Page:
Quote Of The Year

Timeless Quotes - Sadly The Late Paul Shetler - "Its not Your Health Record it's a Government Record Of Your Health Information"


H. L. Mencken - "For every complex problem there is an answer that is clear, simple, and wrong."

Friday, May 11, 2018

The Luddites At The Pharmacy Guild Are Really Obstructionist Pains In The Bum!

This popped up a few days ago:

Dimec allows patients to choose pick-up point for prescriptions

A pharmacy app has announced it is the first service in the UK to allow patients to choose any high street pharmacy to collect their prescription.
Hanna Crouch – 3 May 2018
Dimec works by linking a patient’s phone directly to their NHS GP and pharmacy and then letting them pick where to collect medicines from at the touch of a button.
Prior to this, patients were required to contact their GP or Pharmacist to request to alter their pharmacy.
The update to the app means patients can now view and select high street pharmacies based on their current location their home address or scroll around the integrated map.
Chief technical officer and co-founder, Andrew Bailey, said: “We’ve been working exceptionally hard with our team, NHS Digital and GP system suppliers to get this new feature live.
More here:
So in the UK – and in the US of course – you can direct where your pre-prepared meds will be waiting.
In Australia you can’t because the Pharmacy Guild wants us to have to select our pharmacy go in with our script and wait while they do the work – worried that if we could say where we want to pills to be waiting the nasty doctors might favour one pharmacy over another.
So nation-wide we have a zillion hours of waiting by the public to sooth Pharmacy Guild paranoia.
And to further reveal the professionalism of pharmacies we have this:

Pharmacies avoid homeopathy ban as government parks recommendations

By Kate Aubusson
3 May 2018 — 6:50pm
Homeopathic products will continue to be sold in Australian pharmacies, despite a long-awaited review warning the government the practice could compromise the health of consumers.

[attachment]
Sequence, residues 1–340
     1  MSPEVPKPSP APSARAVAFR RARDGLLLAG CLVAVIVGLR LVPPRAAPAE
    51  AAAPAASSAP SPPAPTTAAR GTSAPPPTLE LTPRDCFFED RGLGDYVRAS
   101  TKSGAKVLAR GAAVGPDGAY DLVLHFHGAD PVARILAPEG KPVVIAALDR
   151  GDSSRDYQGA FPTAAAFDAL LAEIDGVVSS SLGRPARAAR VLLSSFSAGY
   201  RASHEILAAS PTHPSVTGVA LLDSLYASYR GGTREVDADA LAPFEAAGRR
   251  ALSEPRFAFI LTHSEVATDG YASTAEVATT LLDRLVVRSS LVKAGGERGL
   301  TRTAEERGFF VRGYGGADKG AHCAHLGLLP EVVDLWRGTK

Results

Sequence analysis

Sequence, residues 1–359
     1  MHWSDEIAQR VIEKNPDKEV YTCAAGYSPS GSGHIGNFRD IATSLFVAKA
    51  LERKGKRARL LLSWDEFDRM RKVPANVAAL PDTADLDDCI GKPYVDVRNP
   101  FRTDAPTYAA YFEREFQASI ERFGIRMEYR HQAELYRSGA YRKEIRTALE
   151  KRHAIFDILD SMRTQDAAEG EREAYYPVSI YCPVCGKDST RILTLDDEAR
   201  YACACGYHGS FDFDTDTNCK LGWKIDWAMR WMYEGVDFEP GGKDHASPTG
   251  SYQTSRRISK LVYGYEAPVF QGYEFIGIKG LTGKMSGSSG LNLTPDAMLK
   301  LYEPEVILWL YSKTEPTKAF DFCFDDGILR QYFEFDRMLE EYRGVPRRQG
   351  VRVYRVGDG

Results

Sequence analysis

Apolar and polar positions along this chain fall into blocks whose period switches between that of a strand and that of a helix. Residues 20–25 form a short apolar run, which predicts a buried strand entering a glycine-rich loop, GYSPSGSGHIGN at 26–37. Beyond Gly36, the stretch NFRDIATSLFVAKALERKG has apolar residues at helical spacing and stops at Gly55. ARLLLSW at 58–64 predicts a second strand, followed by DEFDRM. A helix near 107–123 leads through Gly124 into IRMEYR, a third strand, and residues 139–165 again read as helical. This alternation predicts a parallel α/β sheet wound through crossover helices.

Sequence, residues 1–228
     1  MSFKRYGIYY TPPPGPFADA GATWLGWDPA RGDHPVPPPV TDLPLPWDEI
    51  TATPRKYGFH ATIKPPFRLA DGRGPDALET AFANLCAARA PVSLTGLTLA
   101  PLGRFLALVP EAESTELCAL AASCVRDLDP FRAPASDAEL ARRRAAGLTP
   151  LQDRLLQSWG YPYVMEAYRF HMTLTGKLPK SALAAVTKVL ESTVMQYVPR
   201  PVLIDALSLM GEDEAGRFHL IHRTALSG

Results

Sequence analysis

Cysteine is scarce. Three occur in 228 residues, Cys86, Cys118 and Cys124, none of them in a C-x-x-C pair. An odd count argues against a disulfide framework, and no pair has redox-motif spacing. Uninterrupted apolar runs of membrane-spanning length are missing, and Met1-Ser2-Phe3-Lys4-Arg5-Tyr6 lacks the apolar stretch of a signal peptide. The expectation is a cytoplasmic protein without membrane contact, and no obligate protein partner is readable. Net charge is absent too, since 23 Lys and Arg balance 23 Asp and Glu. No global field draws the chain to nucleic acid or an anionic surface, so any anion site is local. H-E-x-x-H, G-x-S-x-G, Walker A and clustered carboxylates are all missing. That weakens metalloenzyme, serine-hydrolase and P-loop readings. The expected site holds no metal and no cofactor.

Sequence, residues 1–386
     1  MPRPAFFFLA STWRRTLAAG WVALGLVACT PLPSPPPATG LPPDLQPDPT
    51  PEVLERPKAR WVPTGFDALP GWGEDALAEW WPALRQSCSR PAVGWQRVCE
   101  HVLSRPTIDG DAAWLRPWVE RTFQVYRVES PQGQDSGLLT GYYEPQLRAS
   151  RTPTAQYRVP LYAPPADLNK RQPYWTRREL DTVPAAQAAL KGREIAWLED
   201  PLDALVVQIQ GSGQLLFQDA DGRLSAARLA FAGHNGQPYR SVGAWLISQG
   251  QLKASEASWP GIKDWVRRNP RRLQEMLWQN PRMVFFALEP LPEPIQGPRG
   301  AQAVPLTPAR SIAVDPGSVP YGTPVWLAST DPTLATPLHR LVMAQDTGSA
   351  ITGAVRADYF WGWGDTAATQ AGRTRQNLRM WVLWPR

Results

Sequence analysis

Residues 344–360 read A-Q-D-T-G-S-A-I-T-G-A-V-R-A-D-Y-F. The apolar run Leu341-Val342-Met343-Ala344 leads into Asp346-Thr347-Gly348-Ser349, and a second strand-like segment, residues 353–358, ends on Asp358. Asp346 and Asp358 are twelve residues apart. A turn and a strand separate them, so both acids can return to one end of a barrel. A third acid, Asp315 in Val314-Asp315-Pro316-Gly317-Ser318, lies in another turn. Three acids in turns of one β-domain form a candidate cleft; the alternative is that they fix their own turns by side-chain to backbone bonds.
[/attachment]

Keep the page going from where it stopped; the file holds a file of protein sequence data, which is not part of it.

The federal government has accepted just three of the 45 recommendations made by the review of Pharmacy Remuneration and Regulation delivered to Health Minister Greg Hunt in September.
Releasing the final report and its response on Thursday, the government outright rejected three recommendations and merely “noted” more than 30, including restrictions on the sale of complementary medicines and reforms to pharmacy location rules.
A national real-time electronic drug monitoring system was one of three recommendations accepted. Another five recommendations were accepted “in principle”.
Chair of the review, Monash University economics Professor Stephen King, said he was pleased the government had accepted the e-records recommendation, saying it would bring Australian pharmacy into the 21st century.
But he was disappointed it had rejected or "not taken more action" on the bulk of the recommendations aimed at protecting consumers and ensuring fairer access to vital medicines.
The government did not accept a recommendation to ban the sale of homeopathic products, despite the review panel warning consumers could forego evidence-based medicines in favour of the products, “which may further compromise their health”.
The review also recommended complementary medicines be sold in a separate area from other medicines where pharmacists can provide information to consumers about the extent, and limitations, of the evidence of their efficacy.
Among the bulk of recommendations not accepted and merely “noted” were reforms to pharmacy location rules aimed at preventing local monopolies that stifle competition and hike up prescription prices.
It also noted a recommendation that would have banned pharmacies from raising or lowering the price of PBS medicines beyond the co-payment set by the government.
“Currently consumers are engaged in prescription lottery,” Professor King said.
“Depending on where you live and how many pharmacies there are, you will pay very different prices for the same medicines … we didn’t think this was fair.”
More here showing how patient convenience comes a long second for the Guild lobbyists! 
The response to the report has the Guild’s fingerprints all over it and while they behave like this they are just overqualified shopkeepers I reckon.


Anonymous said...

The price for championing the use of the GovHR perhaps?

Anonymous said...

A Friday announcement just like the Government - http://www.health.gov.au/internet/ministers/publishing.nsf/Content/0E7D5DB478B79588CA25828A0013D11B/$File/GH053.pdf

Some interesting constraints, how long until they get eroded?

Anonymous said...

Wonder if the report authors forgot to ask the Minister what he wanted to see as recommendations. Seems a lot not to not take on board. As you allude to David, how much ‘lobbying’ influenced this outcome? As another commenter points out, was this a price for championing the government record system?

Does any of this really have anything to do with patients and consumers health and well being?

Anonymous said...

AnonymousMay 11, 2018 4:29 PM. The fact AIHW and not ADHA will oversee secondary use and the analytics component is a wise move. ADHA is far from being a respected or safe pair of hands. I am still not clear if operationally they are incompetent or the ADHA was simply created to deliver the forced conscription for the governments database.